82. The Black Sorrows, Hold on to Me
1989 was a good time to embrace American roots music and get some airplay on college radio. It lends authenticity, you see, even if–actually, maybe especially if–the band absolutely requires an airplane to get from their homeland to the heartland. Australia’s The Black Sorrows became a hot band on their own shores by embracing the sounds of Marvin Gaye, Elvis Presley and New Orleans zydeco music. There may be a lot of looking to the past on their album Hold on to Me, but lead singer Joe Camilleri also had the present in mind when he crafted the album. As he put it, “I’m trying to take traditional music somewhere new. I think I’ve reached a point where I can call it my own.” It’s quite a boast, but the band’s sound backs him up.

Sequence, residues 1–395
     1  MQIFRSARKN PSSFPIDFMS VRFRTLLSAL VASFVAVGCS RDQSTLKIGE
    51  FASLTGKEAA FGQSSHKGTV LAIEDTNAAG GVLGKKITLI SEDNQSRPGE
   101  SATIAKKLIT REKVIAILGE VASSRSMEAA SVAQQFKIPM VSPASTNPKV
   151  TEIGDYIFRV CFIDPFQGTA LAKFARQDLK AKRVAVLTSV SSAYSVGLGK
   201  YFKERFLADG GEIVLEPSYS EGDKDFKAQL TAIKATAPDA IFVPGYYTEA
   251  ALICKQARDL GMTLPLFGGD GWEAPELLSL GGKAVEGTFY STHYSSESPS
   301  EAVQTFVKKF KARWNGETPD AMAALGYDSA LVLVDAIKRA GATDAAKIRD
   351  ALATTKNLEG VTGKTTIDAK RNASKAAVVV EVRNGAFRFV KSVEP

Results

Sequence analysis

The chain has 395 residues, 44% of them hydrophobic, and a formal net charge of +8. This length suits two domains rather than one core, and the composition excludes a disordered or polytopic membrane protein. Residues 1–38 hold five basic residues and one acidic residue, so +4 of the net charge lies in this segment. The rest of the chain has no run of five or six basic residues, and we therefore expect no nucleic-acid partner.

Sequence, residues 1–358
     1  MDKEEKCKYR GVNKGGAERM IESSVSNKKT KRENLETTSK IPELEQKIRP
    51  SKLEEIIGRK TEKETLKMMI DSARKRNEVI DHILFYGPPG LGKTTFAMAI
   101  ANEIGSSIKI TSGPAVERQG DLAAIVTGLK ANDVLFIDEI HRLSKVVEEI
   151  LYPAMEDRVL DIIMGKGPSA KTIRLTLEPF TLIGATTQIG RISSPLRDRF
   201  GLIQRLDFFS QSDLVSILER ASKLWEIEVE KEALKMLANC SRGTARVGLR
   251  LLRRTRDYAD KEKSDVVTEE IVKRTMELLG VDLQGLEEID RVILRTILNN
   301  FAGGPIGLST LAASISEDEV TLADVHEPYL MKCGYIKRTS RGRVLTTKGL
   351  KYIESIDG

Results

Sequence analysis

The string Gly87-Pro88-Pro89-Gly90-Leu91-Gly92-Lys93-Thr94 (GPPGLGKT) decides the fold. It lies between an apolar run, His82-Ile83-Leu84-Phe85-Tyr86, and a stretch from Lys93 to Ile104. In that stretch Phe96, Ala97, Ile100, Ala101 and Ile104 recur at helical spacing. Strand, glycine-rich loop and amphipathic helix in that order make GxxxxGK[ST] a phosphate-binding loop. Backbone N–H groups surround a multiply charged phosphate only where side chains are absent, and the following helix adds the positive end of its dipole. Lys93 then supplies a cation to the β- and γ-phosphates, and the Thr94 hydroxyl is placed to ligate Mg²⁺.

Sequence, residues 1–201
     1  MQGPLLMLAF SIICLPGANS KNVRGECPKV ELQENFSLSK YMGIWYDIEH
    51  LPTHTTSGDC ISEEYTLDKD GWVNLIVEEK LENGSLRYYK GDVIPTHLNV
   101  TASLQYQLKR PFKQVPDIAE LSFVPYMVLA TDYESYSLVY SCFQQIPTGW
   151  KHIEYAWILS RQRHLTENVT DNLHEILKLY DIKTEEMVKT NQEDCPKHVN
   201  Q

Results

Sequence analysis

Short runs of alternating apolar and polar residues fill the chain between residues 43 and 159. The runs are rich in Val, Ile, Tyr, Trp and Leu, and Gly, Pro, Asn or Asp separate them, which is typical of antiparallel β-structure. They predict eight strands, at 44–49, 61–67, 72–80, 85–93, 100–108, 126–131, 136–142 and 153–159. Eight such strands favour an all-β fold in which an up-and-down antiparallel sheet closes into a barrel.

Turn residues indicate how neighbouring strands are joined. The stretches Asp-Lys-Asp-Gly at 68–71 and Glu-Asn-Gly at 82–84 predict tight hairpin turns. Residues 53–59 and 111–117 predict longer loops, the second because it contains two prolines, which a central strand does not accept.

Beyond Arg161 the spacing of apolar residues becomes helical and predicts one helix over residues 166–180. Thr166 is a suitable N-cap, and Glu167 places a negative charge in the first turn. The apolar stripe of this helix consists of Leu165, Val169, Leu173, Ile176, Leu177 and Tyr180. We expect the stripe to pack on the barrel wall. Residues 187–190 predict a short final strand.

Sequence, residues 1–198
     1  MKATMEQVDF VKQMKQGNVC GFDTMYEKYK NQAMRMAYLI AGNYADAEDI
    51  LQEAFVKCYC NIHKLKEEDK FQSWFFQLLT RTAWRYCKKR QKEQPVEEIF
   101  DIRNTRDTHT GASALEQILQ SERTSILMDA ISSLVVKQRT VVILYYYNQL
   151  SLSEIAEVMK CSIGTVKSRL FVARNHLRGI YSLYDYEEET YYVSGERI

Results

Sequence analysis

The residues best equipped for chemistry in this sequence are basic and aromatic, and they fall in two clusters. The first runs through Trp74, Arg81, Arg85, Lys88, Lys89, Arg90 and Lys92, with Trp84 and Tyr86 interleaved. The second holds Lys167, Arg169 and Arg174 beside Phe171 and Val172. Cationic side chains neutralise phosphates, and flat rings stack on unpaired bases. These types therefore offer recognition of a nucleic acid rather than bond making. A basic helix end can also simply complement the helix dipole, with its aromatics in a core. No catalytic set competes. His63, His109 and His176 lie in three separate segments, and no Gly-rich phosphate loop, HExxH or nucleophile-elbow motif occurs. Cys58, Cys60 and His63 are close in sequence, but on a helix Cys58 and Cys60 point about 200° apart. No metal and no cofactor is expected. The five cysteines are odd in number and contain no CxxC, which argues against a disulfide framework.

81. Concrete Blonde, Free
Concrete Blonde never really needed help raising the volume of their songs, so the addition of bassist Alan Bloch to make the band an officially a quartet for their second outing shouldn’t be interpreted as something done to bolster the intensity of the music. One cursory listen to lead singer Johnette Napolitano’s searing efforts makes it clear than she carries all the intensity any band could need in her strong, tough vocal cords, especially when she’d belting out politically potent lyrics. Further insight to the band’s views can be gleaned from the old Leon Russell quote included in the liner notes: “I’m certainly not going to be a politician and change it; in or out of the system. I’m going to sing my songs, because that’s what I do. Some Oriental philosopher, Tao, once said that people who want to be political leaders are the least qualified to do it…and that’s true. The people who really are qualified won’t mess with it. So we always get second best.”